Fuji FinePix F10 Zoom digicam

Class leader?


Review The F10 boasts the companies new, 1/1.7in Super CCD HR sensor that uses a full 6.3m gross pixels rather than the interpolated, dual-pixel elements of yore. Fujifilm's Super CCD technology has been with us for some time now and it just keeps getting better. To prove the point the F10 has its best incarnation yet in a camera of this class, writes Doug Harman.

FujiFilm FinePix F10 ZoomLook over the camera - which, it has to be said, seems a tad conservative design-wise given many of today's models - and its classy, all-metal body still quite svelte and very well made.

A large four-position switch on the top plate switches the camera between its scene, auto and manual shooting modes, and the excellent 640 x 480, 30fps with sound movie capture setting. A central shutter release button completes the top plate controls apart from...

...a power switch, which sits adjacent to the four-way controller and must be held down for around a second to switch the camera on, in order to prevent accidental activation. On the camera's back, a large 2.5in, 115,000-pixel LCD hogs the real estate, pushing all the other camera controls over to the right. These are quite small and the four-way controller has a central Menu/OK button.

A playback button - which, like the power button, can be held for around a second when the camera's off to activate playback without opening the lens - and an 'F' button are above the four way control. The 'F' button accesses the camera's separate menus for image size and quality settings.

The camera lacks the usual wide array of scene modes plumping instead for four basic scene settings (portrait, landscape, sports and night scene modes) and a natural light mode. There's an auto shooting mode for, well, point and shooting, plus a manual position that provides an extended menu system offering slightly more advanced settings for exposure compensation to +/-2EV in 1/3rd f-stop steps and white balance control. There's no control for shutter or the aperture.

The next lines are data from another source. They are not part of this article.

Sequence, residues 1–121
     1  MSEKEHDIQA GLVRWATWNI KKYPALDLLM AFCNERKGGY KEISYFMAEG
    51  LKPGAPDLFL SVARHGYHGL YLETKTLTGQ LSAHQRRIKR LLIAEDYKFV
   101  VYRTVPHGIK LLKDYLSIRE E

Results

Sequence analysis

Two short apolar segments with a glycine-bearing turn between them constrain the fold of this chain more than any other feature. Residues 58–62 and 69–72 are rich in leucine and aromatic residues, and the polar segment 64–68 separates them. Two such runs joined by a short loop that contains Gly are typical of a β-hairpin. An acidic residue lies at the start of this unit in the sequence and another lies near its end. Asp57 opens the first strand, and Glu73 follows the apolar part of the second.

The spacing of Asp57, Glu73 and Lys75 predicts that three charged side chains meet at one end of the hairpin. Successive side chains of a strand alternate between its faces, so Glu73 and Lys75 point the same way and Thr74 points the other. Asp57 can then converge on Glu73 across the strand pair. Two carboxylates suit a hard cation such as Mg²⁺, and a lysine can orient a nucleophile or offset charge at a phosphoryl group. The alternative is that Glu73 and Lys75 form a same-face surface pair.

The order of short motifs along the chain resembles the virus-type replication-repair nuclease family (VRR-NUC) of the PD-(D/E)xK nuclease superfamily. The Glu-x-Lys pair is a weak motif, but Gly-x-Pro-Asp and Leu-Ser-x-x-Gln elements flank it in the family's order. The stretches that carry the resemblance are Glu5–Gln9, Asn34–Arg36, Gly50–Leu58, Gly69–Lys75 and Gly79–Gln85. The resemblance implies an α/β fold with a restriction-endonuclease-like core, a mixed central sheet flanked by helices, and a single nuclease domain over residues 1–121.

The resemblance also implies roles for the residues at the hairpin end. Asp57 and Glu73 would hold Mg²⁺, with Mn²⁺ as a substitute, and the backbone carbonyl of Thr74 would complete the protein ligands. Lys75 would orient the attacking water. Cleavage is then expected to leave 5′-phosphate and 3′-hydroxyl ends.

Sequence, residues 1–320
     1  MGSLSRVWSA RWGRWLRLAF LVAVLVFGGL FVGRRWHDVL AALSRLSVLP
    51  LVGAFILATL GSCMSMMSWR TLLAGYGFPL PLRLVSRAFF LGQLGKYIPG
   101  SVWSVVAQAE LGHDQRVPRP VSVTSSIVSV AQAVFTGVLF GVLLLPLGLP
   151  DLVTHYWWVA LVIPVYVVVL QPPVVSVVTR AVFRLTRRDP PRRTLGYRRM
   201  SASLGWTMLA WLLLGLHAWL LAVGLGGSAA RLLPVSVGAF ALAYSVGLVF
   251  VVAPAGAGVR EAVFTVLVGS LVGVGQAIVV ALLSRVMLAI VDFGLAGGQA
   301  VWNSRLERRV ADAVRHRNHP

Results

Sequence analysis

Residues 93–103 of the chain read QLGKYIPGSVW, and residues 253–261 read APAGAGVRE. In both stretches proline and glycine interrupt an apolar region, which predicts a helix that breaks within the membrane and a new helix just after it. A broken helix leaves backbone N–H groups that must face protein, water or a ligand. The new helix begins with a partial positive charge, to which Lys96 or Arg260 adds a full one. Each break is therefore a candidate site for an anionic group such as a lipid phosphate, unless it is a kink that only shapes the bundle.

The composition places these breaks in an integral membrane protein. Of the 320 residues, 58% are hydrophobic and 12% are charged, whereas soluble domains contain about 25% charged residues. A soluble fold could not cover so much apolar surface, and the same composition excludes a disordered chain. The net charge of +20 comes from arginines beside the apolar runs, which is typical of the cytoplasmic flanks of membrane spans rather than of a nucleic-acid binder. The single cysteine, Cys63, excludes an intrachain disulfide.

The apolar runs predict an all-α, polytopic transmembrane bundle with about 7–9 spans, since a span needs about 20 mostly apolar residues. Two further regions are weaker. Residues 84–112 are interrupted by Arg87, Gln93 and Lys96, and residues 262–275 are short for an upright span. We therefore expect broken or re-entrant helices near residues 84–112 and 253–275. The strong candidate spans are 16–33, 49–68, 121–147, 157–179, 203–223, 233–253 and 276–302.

All of these must be mastered through a slow and initially fiddly menu system that takes some getting used to. However, the menu glitches are more than outweighed by the camera's performance, which is pretty much class-leading in terms of responsiveness, lack of shutter lag and the rechargeable battery life - in our tests it lasted up to 500 shots on a single charge in normal shooting.

If you switch to a neat High Speed shooting mode, the focusing speed is dramatically increased and the effective focus distance is altered slightly from 1m to infinity (you can get from 7.5cm in 'normal' macro shooting for example). It reduces the battery life significantly too but you still get around 300 shots on a single charge, still very respectable. My test bore this out as a single charge lasted almost a week's worth of snapping, including reviewing and plenty of flash work too.

FujiFilm FinePix F10 Zoom

The built in flash is quite good, though it overpowered some of my closer portraits, and the recycle time is very slow indeed compared to the speediness of the rest of the camera.

Image quality can be summed up quite succinctly as excellent. The level of detail outstrips many of the seven megapixel digicams on the market. This fact is largely due to the very nice, sharp, F2.8-F5, 3x optical zoom lens that gives a focal range from 36mm to 108mm (35mm equivalent). However, it has to be said that it's still a fairly standard lens range for today's digital compacts.

Colour and exposure is consistent and spot on. Focusing is similarly reliable and noise, or lack thereof, is superbly controlled. Even at the camera's top ISO 1600 sensitivity setting, you get a noise level normally arrived at ISO 400 on other digital cameras. Only very slight pixel fringing on contrast boundaries are image demerits of note.